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The rise of democratic ideals and the burgeoning middle class of the late 19th and early 20th centuries precipitated an important surge in the prevalence of music in everyday life. Café concerts, dances, and operas all flourished in major cities across Europe as more people wanted access to performances and musical education. The approximately 150 artworks included in this handsomely illustrated volume, by major artists including Edouard Manet, Edgar Degas, Berthe Morisot, James McNeill Whistler, Henri de Toulouse-Lautrec, and Pierre Bonnard, trace the growing presence of music in painting, and include depictions of public performances—brass bands, circuses, cabarets, orchestras, operas, festivals–-as well as more intimate scenes featuring parlor music and music lessons.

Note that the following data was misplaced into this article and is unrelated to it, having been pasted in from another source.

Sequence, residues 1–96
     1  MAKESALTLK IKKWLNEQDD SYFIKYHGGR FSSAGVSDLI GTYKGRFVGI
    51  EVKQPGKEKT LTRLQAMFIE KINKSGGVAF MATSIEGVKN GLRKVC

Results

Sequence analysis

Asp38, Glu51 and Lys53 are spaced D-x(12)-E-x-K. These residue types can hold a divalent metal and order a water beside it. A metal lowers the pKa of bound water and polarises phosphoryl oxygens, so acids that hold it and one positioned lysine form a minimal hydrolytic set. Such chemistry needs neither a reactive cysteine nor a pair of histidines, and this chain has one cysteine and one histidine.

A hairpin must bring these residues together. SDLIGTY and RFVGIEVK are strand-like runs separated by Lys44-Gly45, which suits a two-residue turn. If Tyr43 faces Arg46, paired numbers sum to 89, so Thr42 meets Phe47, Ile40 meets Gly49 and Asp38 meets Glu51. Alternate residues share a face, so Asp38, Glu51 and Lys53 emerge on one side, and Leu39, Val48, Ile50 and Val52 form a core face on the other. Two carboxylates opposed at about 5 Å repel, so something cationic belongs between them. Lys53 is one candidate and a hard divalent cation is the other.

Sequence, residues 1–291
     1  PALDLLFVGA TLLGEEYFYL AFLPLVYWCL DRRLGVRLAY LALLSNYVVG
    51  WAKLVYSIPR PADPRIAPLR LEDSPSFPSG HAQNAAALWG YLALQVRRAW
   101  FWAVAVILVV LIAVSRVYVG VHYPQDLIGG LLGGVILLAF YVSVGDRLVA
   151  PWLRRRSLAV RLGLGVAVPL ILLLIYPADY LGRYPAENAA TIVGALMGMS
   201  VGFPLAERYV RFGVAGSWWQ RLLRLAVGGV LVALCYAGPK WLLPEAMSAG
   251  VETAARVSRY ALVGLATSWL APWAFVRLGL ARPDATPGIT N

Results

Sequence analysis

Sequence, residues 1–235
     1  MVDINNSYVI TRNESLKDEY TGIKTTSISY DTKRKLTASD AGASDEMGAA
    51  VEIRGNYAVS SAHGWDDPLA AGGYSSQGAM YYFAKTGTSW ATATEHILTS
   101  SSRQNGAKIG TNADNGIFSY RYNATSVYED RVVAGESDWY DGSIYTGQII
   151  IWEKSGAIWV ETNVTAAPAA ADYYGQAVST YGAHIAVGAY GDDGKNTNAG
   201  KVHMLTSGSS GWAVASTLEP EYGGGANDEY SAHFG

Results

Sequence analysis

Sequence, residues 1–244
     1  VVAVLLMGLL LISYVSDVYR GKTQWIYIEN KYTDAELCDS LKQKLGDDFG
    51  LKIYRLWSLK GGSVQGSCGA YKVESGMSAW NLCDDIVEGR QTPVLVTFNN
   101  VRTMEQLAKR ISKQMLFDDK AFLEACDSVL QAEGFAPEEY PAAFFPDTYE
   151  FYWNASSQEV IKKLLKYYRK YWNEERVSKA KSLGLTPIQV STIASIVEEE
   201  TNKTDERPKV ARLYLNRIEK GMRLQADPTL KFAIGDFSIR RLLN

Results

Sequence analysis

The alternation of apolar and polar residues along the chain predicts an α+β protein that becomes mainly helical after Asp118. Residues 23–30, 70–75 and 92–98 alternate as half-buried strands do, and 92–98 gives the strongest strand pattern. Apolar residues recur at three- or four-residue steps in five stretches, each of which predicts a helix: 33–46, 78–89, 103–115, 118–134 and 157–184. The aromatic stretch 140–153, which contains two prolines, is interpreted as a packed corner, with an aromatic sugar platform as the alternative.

|Publisher:||Yale University Press|
|Product dimensions:||9.90(w) x 11.80(h) x 0.80(d)|
About the Author
Frédéric Frank is director of the Musée des impressionnismes in Giverny. Belinda Thomson is an independent art historian and honorary professor at the University of Edinburgh.